Tuesday, March 24, 2009

Museum review: National Museum of American History

Yummy and I went to the National Museum of American History, better known as the American History Museum, this weekend. This museum had been closed for about a year and a half for major renovation. I waited awhile to miss the crowds (and because Yummy and I get around so slowly that they'd be trying to close as we got there) and just now got to see the place.

A couple of years ago there was a large room with the massive American flag spread out. That flag is the one being sung about in the song "The Star Spangled Banner". Visitors could look through a large window to see the work being done. A long motorized walkway ran over it while people would lie on the walkway and clean the flag a bit at a time. When the flag was finally cleaned they needed a proper way to display it.

We didn't get to see that display.

The line is still just too long. As is the line into the Hall of First Ladies or whatever it's called [First Ladies at the Smithsonian]. I'm guessing they must have added some of Michelle Obama's stuff. I've been in there and it was dead. You go in there just so you can say you didn't miss anything.

We entered on the Constitution St. entrance and immediately saw dramatic changes. Glass walls line the entry way showing a variety of artifacts from their collections. Some only a few years old while others date back for centuries. Yummy, is a furniture fiend, but her delight with some of the furniture on display was blown away with the C3-PO costume from "Return of the Jedi".

We moved from there to the right when I saw a huge telescope that was used by a female astronomer and her class. This wing seemed largely untouched to me. However, Yummy hadn't been there as recently as I and it had changed radically for her. Julia Child's kitchen is still in place but she hadn't seen it. This area also contains a couple child oriented hands on science areas. There's a nice display about the Manhattan Project, the atomic bomb, a couple of small cyclotrons (with a non-working simulator), a bomb shelter, and a home from the 50s.

We went up to the second floor and didn't like what we saw. It was packed with people either trying to get in to see the Star Spangled Banner or the First Ladies exhibit. Being one of the first nice, sunny days of the year the climate control hadn't adjusted right. Between that and the crowd it was just too warm. We went back downstairs.

We wanted to hit the Air and Space Museum gift shop, but we still had some time to kill. We went through the "Lighting a Revolution" exhibit. This exhibit is interesting if you have a certain amount of engineer buried in you. We looked at models of massive steam engines, several interesting light bulbs, and some great toasters.

Somewhere on the first floor we came across a room dedicated to the DARPA Grand Challenge. They have the winning car on display as well as a fan favorite that didn't do well. It's a great display that we both enjoyed a lot. But there's some supplementary material I think you need first.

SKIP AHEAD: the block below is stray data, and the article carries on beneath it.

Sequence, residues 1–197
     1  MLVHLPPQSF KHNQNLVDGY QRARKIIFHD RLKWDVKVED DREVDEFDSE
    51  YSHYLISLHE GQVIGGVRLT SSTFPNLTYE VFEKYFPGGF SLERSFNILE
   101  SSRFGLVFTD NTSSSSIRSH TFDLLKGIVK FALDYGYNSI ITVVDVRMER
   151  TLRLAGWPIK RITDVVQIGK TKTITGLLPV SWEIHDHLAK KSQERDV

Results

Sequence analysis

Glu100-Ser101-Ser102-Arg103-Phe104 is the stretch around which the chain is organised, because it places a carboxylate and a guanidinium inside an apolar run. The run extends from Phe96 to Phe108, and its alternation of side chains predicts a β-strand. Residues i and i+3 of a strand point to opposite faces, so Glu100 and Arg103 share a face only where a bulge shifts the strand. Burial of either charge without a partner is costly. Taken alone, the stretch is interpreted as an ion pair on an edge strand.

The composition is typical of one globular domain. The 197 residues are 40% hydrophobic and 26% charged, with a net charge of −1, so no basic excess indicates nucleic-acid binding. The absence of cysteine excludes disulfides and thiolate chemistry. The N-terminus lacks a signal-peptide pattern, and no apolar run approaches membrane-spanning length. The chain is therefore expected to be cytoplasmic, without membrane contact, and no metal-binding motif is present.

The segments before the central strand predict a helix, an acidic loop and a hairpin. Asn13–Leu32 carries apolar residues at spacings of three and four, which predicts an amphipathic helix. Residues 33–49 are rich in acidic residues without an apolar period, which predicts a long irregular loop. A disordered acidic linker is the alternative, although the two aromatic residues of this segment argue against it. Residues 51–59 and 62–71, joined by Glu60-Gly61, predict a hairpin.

I can't test these links because I'm behind the firewall at work. But I know they used to work. This video is NOVA's coverage of the DARPA Grand Challenge from several years ago. It was a competition to try to design the best self-steering car. Hulu.com has it at http://www.hulu.com/watch/23347/nova-the-great-robot-race#x-0,vepisode,1
or at Google Video at http://video.google.com/videoplay?docid=8719876587754396524.
It's a great video on it's own and makes seeing the display that much more exciting. There's a video in the display that expands upon the making of two vehicles in the room with you. The car was able to drive as well in blinding rain as it was in perfect weather. In that circumstance at least it's a better driver than people.

Anyway, if you haven't been to the American History Museum since it reopened then you should go. I'll have to go back just for the second floor.

Also, if you've read this far, the Cherry Blossom Festival starts Saturday and runs for two weeks. We had to hit the Air and Space Museum so we could pick up a kite for the kite festival. More at http://nationalcherryblossomfestival.org/cms/index.php?id=390
The Kite Festival is on the first day. Weather permitting, you'll see us down there with Gandolf on a shoulder.


BrianAlt said...

Going down to DC on the 12th. Hopefully we'll still be able to catch some of the cherry blossoms.

Sweetly Single said...

ok dumb question

gandolf on a shoulder?

BrianAlt said...

Must have come to a decision on the cat's name.

Malaise Inc said...

My favorite part of the Museum when I was there 10 years or more ago was Archie Bunker's chair. I also really liked the Air and Space Museum, although for my money, the Air Force Museum at Wright-Patterson in Dayton is my favorite museum dedicated to flight.

GreenCanary said...

The C3PO costume was awesome! I felt a little bad being so excited about a costume from a movie when we were surrounded by important historical artifacts like steam engines and light bulbs, but... C3-PO! That was definitely my favorite part. Also the DARPA self-steering cars. STANLEY! Very much a fan of Stanley.